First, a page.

This week’s column has been written by Bill Hickey (extreme fig enthusiast).
Ripe high-quality figs have a rich exotic tropical flavour. Local gardeners Bill Doak, Jocelyne Sewell, Hagen Tanner and some members of the Okanagan Garden and Roses Club have already begun to grow figs in Vernon. I have sampled five varieties of fresh local figs so far this summer: Italian Honey, Black Spanish, Negronne, Serbian Black and English Brown Turkey. From my yard I will also enjoy LSU Gold, Atreano, Hardy Chicago, Black Marseilles, Italian Purple and Celeste later in the season.
The ones that will do well in the Okanagan must enjoy very hot summers and also withstand quite cold Okanagan winters. In addition to winter hardiness we need early ripening, richly flavoured fruit and highly productive varieties.
Pruning “pinching” for fruit production is essential in our short fig season to get early fruit, and it works like magic. It’s like pruning tomatoes to control vegetative growth and to encourage flowering. On a new green fig twig as soon as you can see five small leaves, pinch off the pointy top bud. The fig bush will quickly produce double buds at the base of each leaf. At pea size you can tell which bud is a fruit and which is a new leaf bud. Remove the new leaf bud unless you want to keep it for a new branch for your bush. From this stage to ripe fruit is about 70 to 80 days. Truly ripe figs are soft, drooping and starting to wrinkle. Feed with rose food or tomato food until Aug. 1 to allow hardening off by winter.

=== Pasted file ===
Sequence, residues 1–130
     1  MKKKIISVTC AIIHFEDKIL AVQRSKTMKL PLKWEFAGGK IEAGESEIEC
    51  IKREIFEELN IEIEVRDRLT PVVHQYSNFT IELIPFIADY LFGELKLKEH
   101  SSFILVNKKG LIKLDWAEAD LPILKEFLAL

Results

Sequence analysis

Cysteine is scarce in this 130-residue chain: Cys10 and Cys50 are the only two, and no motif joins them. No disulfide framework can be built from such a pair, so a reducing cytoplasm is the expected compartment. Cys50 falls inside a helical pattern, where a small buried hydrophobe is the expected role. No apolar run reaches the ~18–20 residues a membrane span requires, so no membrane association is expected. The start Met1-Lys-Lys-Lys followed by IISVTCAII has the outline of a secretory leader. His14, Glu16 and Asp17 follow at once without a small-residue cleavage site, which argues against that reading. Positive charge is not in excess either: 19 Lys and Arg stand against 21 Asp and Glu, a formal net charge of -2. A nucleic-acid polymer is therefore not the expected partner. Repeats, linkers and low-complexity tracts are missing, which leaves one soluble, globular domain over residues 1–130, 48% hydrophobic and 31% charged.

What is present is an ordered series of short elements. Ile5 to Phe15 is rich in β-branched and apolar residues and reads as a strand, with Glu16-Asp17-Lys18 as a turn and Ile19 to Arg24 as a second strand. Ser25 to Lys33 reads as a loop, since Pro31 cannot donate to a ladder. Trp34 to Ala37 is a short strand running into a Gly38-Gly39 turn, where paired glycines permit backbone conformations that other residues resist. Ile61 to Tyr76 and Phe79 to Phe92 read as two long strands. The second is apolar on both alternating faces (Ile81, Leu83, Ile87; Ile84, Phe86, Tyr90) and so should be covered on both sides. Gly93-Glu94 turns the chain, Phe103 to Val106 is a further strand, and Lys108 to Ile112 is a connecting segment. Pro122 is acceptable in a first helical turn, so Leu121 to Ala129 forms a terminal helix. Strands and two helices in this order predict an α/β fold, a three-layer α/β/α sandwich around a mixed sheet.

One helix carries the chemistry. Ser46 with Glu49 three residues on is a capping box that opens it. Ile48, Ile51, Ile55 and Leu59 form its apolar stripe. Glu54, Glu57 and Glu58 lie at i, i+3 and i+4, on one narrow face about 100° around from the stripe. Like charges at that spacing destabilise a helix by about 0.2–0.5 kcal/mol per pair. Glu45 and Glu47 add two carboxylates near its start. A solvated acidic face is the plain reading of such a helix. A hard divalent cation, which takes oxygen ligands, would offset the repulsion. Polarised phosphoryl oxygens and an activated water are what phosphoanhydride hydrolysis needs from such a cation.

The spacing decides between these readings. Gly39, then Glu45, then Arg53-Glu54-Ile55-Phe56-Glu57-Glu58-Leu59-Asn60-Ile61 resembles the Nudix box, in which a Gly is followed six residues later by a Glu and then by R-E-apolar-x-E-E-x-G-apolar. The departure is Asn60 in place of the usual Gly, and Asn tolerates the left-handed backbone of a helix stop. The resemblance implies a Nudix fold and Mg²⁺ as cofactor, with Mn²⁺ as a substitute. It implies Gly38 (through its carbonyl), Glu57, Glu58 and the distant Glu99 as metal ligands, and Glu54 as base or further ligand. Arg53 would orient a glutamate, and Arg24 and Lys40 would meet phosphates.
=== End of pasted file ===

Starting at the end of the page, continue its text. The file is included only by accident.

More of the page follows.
Treat as a house plant for the first two winters when the roots are small and weak. Bring them into the house to a cool place after a mild frost when the leaves have dropped. If they refuse to go to sleep or wake up early, go back to pinching at five leaves. They will be fine when they get outside.
After its second winter indoors, plant the fig bush out in spring. Be prepared to give it the same care as a prized young rose bush. For wintering outside use a deep mulch of dry leaves and keep the rain off with plastic. To protect them from rodents use mothballs or mouse bait but be aware they can be of danger to your pets and small children. A 100-watt piece of plumber’s heating tape draped over the bush at the start of winter can be plugged in during cold snaps below minus 10 C.
Below are my fig recommendations for the North Okanagan.
From brugmansia-quebec.com: Marseilles Black, Ronde de Bordeaux, Sultane, LSU Gold and Italian Honey.
From figsforlife.ca): Hardy Chicago, English Brown Turkey, Melanzana, Atreano and Verte.
Websites with more detailed descriptions and pictures: figs4fun.com with the biggest American commercial fig collection, fig discussion forum, variety descriptions and lots of photos; adrianosfigtrees.com has the largest private Canadian fig collection with descriptions and photos.
For more information: 250-558-4556 or firstname.lastname@example.org